Adreian Payne has been mentioned before on Lakeshowlife.com, found here. Yesterday against Delaware, he scored 41 points, nearly half of Michigan State’s 93 point total.
His offensive repertoire can be found on this video link:
He has been projected in the mid-to-late 1st round. Still, at 6’9″ with a 7″ wingspan at 240lbs., there are no question marks about his wingspan, lack of bulk, and solid athleticism. When watching the video, it’s easy to see comparisons to Channing Frye, Brian Cook, or even Ryan Anderson. Most would see his NCAA 3-point range from pick-and-pop situations and say that is his dominant skill.
Would you be surprised if his jumpshot came along in the last two seasons? It did. It’s a testament to his work ethic.
A nice player comparison to Adreian Payne is Rasheed Wallace, post prime. While both fell in love with the jumpshot, Payne still shows solid ability playing in the low block. He went to the block several times and converted effectively. From the high post, he can not only hit the midrange shot, but attack with an inside-pivot and a direct drive to the basket. Coach Mike D’Antoni would love a power forward or a center with this combination of perimeter skill sets. The triangle offense would have flourished that much more with a guy like Payne on the perimeter, but Shaq in the paint.
Terrence Jones showed a similar skill set last season, and he was my steal pick. Playing beside Dwight Howard, he’s able to create drive and dish situations, attack with authority, and set up the jumpshot. Jones is on a different level in terms of athleticism, but Payne is on a different level than Jones in terms of footwork in the paint.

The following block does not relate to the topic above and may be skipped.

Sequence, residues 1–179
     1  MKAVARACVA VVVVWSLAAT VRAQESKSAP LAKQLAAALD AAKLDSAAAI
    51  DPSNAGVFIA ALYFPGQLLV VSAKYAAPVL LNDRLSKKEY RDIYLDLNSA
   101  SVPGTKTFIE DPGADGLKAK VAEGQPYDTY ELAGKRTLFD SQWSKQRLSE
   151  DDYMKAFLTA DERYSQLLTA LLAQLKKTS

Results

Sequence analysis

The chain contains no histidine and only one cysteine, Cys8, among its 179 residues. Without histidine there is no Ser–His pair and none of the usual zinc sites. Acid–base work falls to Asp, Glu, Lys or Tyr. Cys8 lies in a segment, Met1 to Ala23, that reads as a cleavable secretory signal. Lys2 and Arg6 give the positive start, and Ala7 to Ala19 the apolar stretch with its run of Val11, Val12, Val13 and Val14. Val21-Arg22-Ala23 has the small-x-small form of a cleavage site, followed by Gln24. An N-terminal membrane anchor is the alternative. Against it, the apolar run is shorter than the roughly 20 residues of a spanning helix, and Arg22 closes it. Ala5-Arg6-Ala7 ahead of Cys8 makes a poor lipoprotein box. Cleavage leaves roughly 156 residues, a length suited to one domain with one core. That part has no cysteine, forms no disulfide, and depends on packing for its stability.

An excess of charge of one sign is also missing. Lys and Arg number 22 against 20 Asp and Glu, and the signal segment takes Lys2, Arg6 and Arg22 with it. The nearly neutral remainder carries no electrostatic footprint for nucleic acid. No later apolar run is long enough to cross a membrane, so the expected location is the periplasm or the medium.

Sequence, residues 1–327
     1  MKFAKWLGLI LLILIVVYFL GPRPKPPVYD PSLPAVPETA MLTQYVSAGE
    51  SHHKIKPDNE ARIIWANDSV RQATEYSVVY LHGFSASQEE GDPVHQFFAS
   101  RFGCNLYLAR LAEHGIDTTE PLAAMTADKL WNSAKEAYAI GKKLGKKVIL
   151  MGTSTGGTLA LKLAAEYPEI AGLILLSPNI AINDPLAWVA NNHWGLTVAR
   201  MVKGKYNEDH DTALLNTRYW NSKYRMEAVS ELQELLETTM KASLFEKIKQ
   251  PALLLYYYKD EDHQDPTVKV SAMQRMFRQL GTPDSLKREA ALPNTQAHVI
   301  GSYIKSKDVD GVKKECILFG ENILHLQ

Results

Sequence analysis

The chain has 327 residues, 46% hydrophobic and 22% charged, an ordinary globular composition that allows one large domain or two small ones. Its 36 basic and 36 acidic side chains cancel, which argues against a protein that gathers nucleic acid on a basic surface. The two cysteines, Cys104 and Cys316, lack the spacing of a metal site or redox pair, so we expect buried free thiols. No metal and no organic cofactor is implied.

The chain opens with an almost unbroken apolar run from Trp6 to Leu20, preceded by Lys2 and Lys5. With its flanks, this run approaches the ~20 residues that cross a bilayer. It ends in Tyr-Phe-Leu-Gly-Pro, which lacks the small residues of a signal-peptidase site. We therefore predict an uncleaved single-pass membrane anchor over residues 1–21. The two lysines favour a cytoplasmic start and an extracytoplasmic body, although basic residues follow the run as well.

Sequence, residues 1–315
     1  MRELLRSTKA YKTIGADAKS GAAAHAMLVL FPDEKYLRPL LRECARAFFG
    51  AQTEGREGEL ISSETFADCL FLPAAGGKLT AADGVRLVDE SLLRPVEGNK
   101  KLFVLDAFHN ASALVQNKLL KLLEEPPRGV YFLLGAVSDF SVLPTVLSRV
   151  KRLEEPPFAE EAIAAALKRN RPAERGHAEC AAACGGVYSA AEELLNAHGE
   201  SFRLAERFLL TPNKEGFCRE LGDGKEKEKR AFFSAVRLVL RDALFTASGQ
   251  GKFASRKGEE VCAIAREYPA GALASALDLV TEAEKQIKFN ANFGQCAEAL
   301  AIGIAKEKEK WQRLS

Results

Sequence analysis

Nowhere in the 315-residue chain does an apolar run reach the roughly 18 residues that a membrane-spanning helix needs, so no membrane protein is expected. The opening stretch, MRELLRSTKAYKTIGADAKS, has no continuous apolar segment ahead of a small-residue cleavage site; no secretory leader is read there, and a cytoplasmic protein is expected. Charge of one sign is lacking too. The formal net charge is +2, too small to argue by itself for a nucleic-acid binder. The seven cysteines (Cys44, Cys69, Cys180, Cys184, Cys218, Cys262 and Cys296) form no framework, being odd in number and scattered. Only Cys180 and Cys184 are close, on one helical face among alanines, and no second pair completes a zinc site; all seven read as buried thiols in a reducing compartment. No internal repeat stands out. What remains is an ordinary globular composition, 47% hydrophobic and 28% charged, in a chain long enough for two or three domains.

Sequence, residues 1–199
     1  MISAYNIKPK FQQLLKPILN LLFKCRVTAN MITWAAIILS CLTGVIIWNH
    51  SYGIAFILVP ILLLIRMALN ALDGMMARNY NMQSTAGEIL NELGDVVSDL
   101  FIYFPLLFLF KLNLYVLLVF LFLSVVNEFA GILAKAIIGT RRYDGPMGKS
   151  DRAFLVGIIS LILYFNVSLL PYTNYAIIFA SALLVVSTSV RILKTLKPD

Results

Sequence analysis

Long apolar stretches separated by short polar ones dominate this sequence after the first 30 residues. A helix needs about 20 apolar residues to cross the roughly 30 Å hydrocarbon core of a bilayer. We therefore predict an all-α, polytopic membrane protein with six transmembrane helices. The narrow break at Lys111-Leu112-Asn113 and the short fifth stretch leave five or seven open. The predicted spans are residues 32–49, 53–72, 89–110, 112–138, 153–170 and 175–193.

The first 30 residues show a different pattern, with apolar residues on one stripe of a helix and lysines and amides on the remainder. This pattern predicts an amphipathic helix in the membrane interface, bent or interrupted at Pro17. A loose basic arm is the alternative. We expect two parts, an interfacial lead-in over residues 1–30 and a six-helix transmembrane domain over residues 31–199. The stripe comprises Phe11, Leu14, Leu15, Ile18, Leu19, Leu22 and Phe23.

Some would say that Payne has nearly maxed out his potential because he’s a senior. I disagree. He could improve his decision-making and become a much better passer out of the low post. He could gain strength in his lower base to hold and maintain better position in the paint. Still, the touch and skill set to create shots anywhere in the painted area are there. Improvement in those two areas could make him a solid NBA starter, effective in both transition and half-court sets. He runs the floor effectively despite some asthma issues. In just over 27 minutes per game, he averages a solid 7.4 rebounds and a swat a game. His position defense on the low block is underrated. He doesn’t bite on upfakes.
Overall, some would say he’s a reach if he’s drafted in the lottery. That may or may not be true. What is clear, is, the team that drafts him, gets a solid front-line contributor, ready to go. He’s a self-made player that plays physically in the paint. He’s a soldier that is willing to do whatever it takes to win. Really, who doesn’t love a guy with this kind of intensity?
Kobe Bryant and the Laker organization can appreciate that mentality and attitude. As much as the fans crave for an early lottery pick, we can’t forget that it’s the character of the players that create identity for the team as well.
Payne would be a great example of that.